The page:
"Mr. Carr's provocations are destined to influence CEOs and the boards and investors that support them as companies grapple with the constant change of the digital age."
-The Wall Street Journal
"... widely considered to be the most influential book so far on the cloud computing movement."
-The Christian Science Monitor
"The first serious examination of 'Web 2.0' in book form."
"Carr's book is persuasive, well-researched, authoritative and convincing. He's reasonable in his conclusions and moderate in his extrapolations. This is an exceedingly good book. "
"The Big Switch is thought-provoking and an enjoyable read, and the history of American electricity that makes up the first half of the book is riveting stuff. Further, the book broadly reinforces the point that it's always wise to distrust utopias, technological or otherwise. "
-New York Post
"Carr may take a somewhat apocalyptic view of the vast technological and social issues which a move to utility computing will raise, not least those of privacy, ownership and access, but he makes a compelling case for its desirability in a world where the network is pervasive. Whether we go gently into this world is, of course, up to us, but with the insight offered here we will at least be prepared to understand the consequences of our choices earlier in the process rather than later. "
"Lucid and accessible ... [Carr's] account is one of high journalism, rather than of a social or computer scientist. His book should be read by anyone interested in the shift from the world wide web and its implications for industry, work and our information environment."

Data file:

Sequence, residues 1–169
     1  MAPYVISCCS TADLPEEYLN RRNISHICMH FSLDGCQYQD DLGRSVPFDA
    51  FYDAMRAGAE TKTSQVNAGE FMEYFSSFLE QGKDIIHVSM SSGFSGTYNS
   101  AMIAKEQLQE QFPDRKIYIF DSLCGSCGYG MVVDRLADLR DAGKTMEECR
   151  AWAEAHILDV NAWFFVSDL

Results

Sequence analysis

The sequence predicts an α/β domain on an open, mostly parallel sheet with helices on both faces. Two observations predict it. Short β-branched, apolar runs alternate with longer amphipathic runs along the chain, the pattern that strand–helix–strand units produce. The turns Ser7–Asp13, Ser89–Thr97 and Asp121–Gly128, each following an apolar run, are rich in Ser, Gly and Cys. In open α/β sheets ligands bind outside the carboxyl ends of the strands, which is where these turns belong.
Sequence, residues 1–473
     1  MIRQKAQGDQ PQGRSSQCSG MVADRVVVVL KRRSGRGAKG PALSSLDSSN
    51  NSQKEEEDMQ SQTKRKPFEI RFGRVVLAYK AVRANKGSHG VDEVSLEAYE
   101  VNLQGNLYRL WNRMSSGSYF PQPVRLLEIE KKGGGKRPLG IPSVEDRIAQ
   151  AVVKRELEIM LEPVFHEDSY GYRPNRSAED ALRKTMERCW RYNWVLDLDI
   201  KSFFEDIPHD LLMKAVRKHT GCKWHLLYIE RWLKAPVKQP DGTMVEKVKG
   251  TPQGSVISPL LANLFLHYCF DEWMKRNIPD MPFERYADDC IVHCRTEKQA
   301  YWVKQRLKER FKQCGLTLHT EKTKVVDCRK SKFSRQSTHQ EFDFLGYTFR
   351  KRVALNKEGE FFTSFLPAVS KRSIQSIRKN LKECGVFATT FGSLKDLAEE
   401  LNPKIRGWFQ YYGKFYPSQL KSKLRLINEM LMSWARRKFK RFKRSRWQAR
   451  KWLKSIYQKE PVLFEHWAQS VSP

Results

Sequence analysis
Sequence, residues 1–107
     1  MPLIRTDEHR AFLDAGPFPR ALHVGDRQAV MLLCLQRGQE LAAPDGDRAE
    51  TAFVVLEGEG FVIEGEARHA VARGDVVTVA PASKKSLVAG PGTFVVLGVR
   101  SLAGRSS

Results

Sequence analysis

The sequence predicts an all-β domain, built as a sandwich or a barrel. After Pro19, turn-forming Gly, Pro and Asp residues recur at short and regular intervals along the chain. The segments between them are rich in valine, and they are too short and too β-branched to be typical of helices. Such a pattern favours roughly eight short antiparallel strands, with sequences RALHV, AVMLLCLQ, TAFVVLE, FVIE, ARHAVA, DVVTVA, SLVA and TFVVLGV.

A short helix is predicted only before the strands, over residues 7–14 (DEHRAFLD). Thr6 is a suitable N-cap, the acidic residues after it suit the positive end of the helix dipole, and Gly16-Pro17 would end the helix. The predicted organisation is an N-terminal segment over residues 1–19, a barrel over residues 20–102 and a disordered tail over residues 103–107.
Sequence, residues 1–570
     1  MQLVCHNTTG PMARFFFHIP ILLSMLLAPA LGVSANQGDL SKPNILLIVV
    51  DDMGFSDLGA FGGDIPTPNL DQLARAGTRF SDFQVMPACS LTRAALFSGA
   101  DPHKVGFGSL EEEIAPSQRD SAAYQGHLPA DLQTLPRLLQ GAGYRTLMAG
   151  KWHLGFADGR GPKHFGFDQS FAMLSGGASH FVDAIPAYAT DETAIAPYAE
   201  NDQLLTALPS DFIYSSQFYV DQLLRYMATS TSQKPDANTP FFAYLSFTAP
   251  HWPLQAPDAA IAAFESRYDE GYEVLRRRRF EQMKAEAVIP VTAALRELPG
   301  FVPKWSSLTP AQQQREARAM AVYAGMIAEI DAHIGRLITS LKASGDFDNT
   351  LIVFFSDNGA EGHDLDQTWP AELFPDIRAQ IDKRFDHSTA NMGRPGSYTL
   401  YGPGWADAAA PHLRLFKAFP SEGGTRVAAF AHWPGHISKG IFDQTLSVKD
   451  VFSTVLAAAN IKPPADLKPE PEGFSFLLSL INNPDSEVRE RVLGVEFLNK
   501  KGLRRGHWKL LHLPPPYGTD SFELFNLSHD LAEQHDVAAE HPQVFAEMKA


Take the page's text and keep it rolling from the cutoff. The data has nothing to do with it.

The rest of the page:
-Times Higher Education
"While technological innovation is largely the creation of idealistic geniuses spurred on by utopian visions, Carr points out, it is rapidly co-opted by the incumbent in power and turned to other purposes ... Technology may be the ultimate tool or even the ultimate psychedelic, but do we really want to become utterly dependent on something about which we have essentially no say? And as for those utopian visions, do we really share them? "
-San Francisco Chronicle
"Mr. Carr is always interesting."
"Carr is one of the more cogent writers on the economic and social implications of the changes sweeping through corporate data centres."
"'Information is born free, but everywhere is found in chains.' So Nicholas Carr – in his latest and characteristically stimulating challenge to conventional thinking about technology – might have paraphrased Rousseau."
"Nick Carr has written a meditation on the loss of the old when confronted by the new, the loss of the incumbents' advantage when history shifts under them, the loss of data control to third parties, and the loss of sovereignty to institutions and other actors we can't control."